“We carry about with us impassioned images of the things we have experienced. If we can overcome these images we shall be indifferent to the things which they represent. For fighting against the thoughts of things is much harder than fighting against the things themselves, just as to sin in the mind is easier than to sin through outward action.
“Some passions pertain to the body, others to the soul. The first are occasioned by the body, the second by external objects. Love and self-control overcome both kinds, the first curbing the passions of the soul and the second those of the body.” ~The Philokalia
We are all familiar with the old saying, “a picture is worth a thousand words.” When trying to explain something to another person, a photo of the event can often show a lot more than your attempt to describe it in words. And when dealing with a person who speaks a different language, you can often get them to understand what you want by showing them a picture. Yet few stop to consider how important this is with the mind.
I think any psychologist, psychiatrist, or brain researcher will tell you that the brain-mind is very image-oriented. When you say a word, it is meaningless to the mind. It is only when the mind forms an image based on the word that the person gets any comprehension. The problem comes in when we then interpret that image, or in the details of it.
If I grew up loving cats, and playing with kittens, the word “cat” will invoke a pleasant image of a cat. If, however, I was attacked and injured by a stray cat as an infant, my image of “cat” will involve sharp claws and pain. So what we are being warned of is that words invoke images, images invoke emotions, and those emotions may be misleading. The vast majority of cats will not harm us, but to that person who was attacked as an infant, he will never truly accept that until he can get that image out of his head.
Advertisers recognize this, so they try to fill our heads with images of their client’s product that will make us desire it. We see nice people buying car X, so that image makes us want car X. In another commercial, we see healthy, happy people drinking Z beer, so we start to associate health and fun with beer Z. We tell ourselves that beer can’t make you slim and healthy. But after seeing the commercial many times over, the image is trapped in our brain and we go buy some beer Z.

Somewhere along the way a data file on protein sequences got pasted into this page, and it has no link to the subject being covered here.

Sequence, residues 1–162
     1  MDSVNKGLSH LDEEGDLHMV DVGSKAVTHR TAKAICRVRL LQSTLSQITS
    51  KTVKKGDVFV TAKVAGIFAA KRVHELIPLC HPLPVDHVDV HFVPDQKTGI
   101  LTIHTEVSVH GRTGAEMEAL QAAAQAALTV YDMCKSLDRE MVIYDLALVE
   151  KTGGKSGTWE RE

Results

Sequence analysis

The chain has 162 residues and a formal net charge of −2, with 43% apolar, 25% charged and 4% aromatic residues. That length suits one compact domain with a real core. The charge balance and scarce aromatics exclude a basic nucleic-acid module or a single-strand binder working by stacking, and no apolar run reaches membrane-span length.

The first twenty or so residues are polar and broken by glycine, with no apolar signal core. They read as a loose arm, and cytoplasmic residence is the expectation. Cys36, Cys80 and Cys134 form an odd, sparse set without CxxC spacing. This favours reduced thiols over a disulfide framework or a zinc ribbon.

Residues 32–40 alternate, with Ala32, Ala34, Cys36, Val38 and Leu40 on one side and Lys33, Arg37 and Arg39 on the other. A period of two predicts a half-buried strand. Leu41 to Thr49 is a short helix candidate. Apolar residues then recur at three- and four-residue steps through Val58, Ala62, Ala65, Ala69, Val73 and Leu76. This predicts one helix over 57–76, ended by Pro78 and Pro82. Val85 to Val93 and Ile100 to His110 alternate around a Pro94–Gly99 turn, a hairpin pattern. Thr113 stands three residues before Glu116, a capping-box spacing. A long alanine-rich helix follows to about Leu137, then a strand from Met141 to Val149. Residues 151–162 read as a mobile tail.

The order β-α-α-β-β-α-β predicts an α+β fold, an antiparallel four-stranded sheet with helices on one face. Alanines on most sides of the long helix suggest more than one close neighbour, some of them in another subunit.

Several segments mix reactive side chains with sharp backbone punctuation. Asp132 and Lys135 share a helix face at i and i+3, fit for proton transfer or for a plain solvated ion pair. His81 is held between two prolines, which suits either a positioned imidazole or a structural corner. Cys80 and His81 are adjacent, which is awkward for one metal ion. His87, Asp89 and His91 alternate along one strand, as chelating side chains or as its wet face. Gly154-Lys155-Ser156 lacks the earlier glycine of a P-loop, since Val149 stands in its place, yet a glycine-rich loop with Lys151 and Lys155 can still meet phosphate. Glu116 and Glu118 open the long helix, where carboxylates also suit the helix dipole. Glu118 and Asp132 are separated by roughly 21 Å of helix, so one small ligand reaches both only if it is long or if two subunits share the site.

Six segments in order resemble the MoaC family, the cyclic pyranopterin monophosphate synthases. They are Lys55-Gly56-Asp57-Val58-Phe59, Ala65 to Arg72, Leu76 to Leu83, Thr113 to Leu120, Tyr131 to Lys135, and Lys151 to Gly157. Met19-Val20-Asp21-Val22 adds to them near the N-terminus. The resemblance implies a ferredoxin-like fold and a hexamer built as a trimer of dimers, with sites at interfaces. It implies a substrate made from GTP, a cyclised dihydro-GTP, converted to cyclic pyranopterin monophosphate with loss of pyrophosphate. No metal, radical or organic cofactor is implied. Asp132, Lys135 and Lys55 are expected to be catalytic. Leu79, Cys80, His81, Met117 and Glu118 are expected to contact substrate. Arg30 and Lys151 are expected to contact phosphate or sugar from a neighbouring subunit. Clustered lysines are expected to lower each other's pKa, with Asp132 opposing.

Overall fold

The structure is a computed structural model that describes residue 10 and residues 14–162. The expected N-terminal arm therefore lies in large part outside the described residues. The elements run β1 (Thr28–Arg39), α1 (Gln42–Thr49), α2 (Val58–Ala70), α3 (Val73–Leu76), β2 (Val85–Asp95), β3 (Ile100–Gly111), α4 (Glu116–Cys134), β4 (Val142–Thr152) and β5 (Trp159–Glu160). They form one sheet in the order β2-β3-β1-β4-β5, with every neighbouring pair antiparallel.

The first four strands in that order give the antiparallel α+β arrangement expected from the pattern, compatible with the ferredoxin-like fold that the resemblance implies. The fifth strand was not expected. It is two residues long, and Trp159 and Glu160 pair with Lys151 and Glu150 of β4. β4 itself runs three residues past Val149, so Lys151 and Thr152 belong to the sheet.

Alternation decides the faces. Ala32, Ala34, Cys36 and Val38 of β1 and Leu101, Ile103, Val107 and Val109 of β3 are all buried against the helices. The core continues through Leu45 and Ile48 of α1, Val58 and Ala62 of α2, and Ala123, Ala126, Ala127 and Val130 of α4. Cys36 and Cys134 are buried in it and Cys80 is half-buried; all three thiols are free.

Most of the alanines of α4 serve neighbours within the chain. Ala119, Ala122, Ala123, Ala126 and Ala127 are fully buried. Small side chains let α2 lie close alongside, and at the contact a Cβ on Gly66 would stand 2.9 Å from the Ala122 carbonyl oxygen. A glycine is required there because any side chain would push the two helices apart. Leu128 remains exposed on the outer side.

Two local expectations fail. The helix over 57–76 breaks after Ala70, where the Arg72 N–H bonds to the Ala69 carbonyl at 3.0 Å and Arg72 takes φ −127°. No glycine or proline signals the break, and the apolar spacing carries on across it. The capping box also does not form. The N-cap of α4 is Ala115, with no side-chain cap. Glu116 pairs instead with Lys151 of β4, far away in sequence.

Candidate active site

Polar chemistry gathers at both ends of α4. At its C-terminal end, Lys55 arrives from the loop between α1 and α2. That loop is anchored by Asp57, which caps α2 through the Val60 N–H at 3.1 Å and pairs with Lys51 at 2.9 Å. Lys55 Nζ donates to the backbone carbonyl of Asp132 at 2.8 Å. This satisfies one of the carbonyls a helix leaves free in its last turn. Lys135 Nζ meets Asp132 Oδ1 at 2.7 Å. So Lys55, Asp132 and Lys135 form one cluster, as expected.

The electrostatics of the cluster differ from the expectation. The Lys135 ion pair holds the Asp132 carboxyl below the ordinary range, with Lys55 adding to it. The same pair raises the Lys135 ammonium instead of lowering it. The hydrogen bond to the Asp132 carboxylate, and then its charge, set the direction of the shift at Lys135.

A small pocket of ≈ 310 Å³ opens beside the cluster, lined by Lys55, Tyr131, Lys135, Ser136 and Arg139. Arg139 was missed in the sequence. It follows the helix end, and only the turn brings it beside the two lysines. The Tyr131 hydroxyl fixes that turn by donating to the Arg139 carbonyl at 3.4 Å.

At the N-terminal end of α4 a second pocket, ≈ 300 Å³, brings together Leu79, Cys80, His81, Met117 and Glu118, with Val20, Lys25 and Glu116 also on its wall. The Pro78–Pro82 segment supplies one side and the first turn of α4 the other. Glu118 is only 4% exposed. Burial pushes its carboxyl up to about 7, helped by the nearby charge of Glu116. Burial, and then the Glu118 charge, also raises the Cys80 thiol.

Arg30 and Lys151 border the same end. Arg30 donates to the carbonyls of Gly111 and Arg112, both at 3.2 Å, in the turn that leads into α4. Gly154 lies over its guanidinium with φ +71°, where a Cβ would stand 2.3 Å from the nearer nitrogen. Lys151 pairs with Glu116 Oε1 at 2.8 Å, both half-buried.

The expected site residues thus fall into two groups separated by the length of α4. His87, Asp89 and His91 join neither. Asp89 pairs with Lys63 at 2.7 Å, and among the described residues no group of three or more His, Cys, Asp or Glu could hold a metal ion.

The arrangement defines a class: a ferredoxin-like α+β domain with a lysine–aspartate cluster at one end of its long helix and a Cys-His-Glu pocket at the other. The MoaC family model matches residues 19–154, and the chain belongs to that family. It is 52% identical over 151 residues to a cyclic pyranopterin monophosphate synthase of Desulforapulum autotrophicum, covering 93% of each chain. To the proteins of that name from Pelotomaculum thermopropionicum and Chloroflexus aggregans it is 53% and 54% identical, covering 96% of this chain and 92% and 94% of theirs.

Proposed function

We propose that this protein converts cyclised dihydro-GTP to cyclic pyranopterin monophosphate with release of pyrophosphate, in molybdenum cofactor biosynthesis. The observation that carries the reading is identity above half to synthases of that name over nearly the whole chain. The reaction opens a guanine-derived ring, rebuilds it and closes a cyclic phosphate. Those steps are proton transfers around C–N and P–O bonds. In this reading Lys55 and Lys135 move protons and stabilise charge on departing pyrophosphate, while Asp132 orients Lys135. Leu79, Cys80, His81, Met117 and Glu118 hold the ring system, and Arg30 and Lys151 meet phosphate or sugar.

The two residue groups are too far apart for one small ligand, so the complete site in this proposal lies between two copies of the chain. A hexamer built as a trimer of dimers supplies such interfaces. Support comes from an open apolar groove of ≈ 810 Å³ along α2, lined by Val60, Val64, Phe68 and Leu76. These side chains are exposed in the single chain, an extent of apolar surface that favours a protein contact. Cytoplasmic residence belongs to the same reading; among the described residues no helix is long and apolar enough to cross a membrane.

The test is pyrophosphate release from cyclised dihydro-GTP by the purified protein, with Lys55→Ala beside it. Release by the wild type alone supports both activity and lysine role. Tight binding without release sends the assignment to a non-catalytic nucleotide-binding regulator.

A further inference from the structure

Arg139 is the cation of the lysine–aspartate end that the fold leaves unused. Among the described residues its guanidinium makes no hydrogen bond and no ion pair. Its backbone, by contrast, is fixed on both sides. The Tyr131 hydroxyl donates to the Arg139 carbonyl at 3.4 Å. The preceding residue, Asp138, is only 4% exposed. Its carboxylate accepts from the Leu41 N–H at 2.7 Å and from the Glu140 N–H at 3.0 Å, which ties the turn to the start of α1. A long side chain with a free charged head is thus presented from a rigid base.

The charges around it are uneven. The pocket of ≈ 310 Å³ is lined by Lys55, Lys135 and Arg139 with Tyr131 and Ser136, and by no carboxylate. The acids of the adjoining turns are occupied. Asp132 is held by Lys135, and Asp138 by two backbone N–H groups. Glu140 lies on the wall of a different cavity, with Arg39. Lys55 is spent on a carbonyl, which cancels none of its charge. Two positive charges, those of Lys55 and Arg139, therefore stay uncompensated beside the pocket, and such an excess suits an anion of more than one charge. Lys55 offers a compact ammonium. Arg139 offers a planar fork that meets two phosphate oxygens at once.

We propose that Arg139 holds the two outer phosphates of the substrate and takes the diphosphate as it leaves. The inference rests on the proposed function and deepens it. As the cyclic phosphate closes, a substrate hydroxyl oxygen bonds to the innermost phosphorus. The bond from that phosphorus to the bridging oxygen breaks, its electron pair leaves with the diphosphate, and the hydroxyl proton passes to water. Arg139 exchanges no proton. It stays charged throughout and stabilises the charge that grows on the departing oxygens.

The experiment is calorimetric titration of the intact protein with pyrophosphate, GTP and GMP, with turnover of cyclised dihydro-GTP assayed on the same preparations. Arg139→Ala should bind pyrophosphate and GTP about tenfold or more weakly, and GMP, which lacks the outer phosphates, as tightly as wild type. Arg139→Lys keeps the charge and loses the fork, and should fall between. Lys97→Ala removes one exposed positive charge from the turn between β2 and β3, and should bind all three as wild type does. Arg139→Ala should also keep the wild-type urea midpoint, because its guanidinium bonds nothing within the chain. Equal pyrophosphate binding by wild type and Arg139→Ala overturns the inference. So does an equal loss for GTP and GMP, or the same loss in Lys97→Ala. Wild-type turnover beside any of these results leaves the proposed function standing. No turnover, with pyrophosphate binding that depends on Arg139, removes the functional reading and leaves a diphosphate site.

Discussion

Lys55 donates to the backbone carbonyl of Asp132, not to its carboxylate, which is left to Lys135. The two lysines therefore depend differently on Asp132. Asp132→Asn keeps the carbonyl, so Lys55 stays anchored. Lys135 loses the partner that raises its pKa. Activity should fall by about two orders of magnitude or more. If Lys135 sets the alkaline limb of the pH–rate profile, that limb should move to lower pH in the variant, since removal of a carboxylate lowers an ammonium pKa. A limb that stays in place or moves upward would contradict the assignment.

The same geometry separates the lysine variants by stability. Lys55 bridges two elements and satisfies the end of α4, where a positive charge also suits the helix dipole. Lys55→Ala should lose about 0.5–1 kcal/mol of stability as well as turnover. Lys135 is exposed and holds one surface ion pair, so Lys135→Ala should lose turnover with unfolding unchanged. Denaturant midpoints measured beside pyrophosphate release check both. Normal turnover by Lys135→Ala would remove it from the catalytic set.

Overcoming Impassioned Images
The Philokalia, or at least one of the authors of that book, tell us that we overcome such impassioned images with love and self-control. That is true to some degree, but it isn’t that simple.
Psychiatrists treating people for phobias like fear of spiders, or a fear of height often search for events in that person past that brought about the fear. Once they find it, they try to talk the person out of the belief that what happened on that one occasion represents a universal truth. Sometimes they succeed, sometimes they don’t. There is a simpler solution, however.
If you have false images in your mind that are causing problems, you don’t have to remove them, you simply have to overlay them with a new image.
These impassioned images that prevent out growth are not always about material things. Sometimes, false images and false beliefs of spiritual matters can also hold us back.
If we have been fed a lot of nonsense regarding the spiritual worlds and how to get there, we will not follow the correct path. For example, when we have been told to worship Jesus instead of following His teachings, we will be going down a false path. If we have been told that we simply have to be a nice person, then drop dead, to earn a place in heaven, we are following a false path.
We cannot make significant spiritual progress when we are full of false impassioned images regarding spiritual matters. In this case, though, most spiritual teachers do say we need to clear these beliefs out before the truth can come to us. Overlaying the false beliefs with new ones can work, but only if the new ones are to have an open mind and to be a seeker of truth. Truth can’t come to us from a book or from listening to sermons. It comes to us directly from the spiritual worlds when we open ourselves up to it.